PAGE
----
I particularly enjoy dark English-style beers during the winter, and brown ale is a particularly nice style for my tastes. So, I put together a British Brown Ale recipe from an amalgamation of various online versions.
Nut Nut Brown Ale
- 10 lb. Golden Promise malt (Simpsons)
- 4 oz. crystal 75 malt (Bairds)
- 4 oz. chocolate malt (Bairds)
- 3 oz. Special B malt (Dingemans)
- 1.25 oz. East Kent Goldings hop pellets (5.0% alpha), 60 minute boil
- 0.25 oz. Fuggles hop pellets (4.6% alpha), 60 minute boil
- 1 Whirlfloc tablet, 5 minute boil
- 1 pkg. Windsor ale yeast (Lallemand)
- 1.047 o.g., 1.013 f.g., 4.5% alpha, 27 IBU, 17 SRM
- Full volume mash at 156° for 60 minutes and 10 minute mash-out at 168°
- Claremont tap water with Campden tablet
- I mashed in with 7 gallons of water at 162°, to hit a target mash temperature of 156°. I added 6 mL of 88% lactic acid to adjust the pH, at the start of the mash. After 60 minutes of recirculation, I increased the temperature to 168° and held it there for 10 minutes, before pulling the grains.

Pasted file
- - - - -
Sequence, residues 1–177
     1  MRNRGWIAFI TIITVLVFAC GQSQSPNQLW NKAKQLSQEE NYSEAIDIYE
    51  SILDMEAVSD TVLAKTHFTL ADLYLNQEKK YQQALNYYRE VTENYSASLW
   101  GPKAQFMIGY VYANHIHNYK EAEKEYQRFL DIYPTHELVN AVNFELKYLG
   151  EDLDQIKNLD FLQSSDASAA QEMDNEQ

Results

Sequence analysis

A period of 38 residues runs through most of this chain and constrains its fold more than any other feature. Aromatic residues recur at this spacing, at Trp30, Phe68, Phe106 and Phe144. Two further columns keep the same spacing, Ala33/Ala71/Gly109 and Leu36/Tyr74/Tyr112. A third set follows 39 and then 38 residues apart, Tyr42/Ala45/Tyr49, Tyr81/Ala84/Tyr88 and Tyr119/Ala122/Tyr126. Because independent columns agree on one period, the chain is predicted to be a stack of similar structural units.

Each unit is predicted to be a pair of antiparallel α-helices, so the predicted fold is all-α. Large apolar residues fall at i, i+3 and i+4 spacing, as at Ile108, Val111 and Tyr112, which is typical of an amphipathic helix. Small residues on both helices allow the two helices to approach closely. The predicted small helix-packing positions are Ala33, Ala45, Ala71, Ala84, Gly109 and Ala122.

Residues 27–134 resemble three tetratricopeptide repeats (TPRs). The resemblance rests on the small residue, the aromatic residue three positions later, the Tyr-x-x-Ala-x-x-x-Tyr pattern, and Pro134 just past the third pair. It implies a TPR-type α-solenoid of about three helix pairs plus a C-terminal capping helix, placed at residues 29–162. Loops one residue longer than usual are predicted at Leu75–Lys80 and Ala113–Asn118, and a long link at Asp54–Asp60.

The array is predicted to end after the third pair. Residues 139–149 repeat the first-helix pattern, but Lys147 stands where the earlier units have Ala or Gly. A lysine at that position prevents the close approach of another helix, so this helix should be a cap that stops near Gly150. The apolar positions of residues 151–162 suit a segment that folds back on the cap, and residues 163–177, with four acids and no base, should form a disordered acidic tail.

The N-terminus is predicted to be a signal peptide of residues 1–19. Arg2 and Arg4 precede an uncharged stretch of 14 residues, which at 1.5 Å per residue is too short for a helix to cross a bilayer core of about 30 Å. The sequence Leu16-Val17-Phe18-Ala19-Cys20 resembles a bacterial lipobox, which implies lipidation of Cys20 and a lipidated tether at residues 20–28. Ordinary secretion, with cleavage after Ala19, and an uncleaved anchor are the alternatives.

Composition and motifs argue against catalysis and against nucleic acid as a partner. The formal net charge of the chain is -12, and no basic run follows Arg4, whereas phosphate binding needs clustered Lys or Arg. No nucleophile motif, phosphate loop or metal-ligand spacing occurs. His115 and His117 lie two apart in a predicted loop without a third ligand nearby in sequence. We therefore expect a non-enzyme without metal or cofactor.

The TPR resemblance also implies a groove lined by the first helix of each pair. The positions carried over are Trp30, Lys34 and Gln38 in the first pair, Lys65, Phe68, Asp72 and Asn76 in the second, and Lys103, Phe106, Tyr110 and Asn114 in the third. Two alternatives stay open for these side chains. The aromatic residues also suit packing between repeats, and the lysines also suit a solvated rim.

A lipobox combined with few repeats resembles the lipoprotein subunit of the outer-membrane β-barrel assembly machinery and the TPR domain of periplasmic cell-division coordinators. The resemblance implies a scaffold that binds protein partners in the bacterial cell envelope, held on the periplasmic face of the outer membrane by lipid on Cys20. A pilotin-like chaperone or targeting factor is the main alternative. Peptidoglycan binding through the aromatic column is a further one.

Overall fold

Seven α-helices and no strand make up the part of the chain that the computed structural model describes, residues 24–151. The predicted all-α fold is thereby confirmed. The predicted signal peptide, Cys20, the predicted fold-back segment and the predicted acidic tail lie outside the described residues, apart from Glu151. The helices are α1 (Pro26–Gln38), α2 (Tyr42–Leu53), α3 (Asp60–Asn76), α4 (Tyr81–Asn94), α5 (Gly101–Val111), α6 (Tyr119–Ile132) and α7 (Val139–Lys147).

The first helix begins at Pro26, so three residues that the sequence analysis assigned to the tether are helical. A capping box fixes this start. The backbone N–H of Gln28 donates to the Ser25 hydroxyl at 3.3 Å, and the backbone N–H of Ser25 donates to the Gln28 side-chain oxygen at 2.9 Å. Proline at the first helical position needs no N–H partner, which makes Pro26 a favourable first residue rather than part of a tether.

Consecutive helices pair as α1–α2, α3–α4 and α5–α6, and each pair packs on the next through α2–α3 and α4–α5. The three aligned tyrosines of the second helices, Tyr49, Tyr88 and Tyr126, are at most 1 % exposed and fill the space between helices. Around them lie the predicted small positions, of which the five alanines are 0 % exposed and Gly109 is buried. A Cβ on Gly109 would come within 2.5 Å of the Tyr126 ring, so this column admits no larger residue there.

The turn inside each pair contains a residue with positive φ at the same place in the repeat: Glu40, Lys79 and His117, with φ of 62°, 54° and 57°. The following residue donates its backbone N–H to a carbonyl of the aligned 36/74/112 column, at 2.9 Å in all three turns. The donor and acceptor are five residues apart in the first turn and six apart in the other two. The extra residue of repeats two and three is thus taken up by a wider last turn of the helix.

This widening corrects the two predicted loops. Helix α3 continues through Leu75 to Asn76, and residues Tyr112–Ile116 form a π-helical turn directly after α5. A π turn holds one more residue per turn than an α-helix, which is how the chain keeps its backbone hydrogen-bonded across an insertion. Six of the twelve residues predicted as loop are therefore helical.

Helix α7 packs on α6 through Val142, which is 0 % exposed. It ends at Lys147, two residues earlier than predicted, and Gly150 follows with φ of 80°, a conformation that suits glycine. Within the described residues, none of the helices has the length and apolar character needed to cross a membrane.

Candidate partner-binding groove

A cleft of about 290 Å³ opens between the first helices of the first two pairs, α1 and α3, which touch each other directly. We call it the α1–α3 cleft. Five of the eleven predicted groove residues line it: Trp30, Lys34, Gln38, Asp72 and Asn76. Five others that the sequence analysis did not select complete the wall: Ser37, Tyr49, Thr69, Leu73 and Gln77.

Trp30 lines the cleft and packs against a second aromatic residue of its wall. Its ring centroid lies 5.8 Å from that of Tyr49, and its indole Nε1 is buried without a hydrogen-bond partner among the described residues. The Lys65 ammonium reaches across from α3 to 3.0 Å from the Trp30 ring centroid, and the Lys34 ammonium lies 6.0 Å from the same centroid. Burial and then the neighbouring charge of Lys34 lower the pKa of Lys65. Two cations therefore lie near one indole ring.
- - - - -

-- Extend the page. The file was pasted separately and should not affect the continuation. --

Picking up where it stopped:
- I collected 6.1 gallons of runnings at a gravity of 1.044, for 69% mash efficiency.
- I brought the kettle to a boil, adding hops and finings per the recipe. After a 60 minute boil, I turned off the heat, chilled the wort, and transferred it to the fermenter.
- I brewed this beer on 19 November 2022. It had a starting gravity of 1.049. I held the temperature at 68° for fermentation.
- I kegged the beer on 10 December 2022. It had a final gravity of 1.025, for 3.1% abv. This was surprisingly low attenuation, which I attribute to the high mash temperature.
- Deep cinnamon brown color with brilliant clarity; pours with a thin and persistent off-white head. Very pretty!
- Coffee and chocolate; light yeasty esters too; very pleasant.
- Cocoa and rich bread crust in the malt; moderate bitterness; slight yeasty esters again like in the aroma, with a very pleasant quality.
- Medium-light body, moderate carbonation, smooth finish with a very very slightly dry quality.
- Would I Brew This Again?
- It’s not perhaps the most exciting style for me (relative to a porter or stout), but this is a super tasty beer that has come into its own. It’s interesting that it doesn’t taste nearly as thick as it should given the final gravity. The caramel qualities that this style is supposed to have aren’t terribly prominent, and the bread crust character is a bit off for the style also. This is a really interesting beer, but not to the literal BJCP standards. It would be a 10 on its own, but I gave it a 6 given the style considerations. It should probabkly have more caramel malts in the grist to hit the style marks.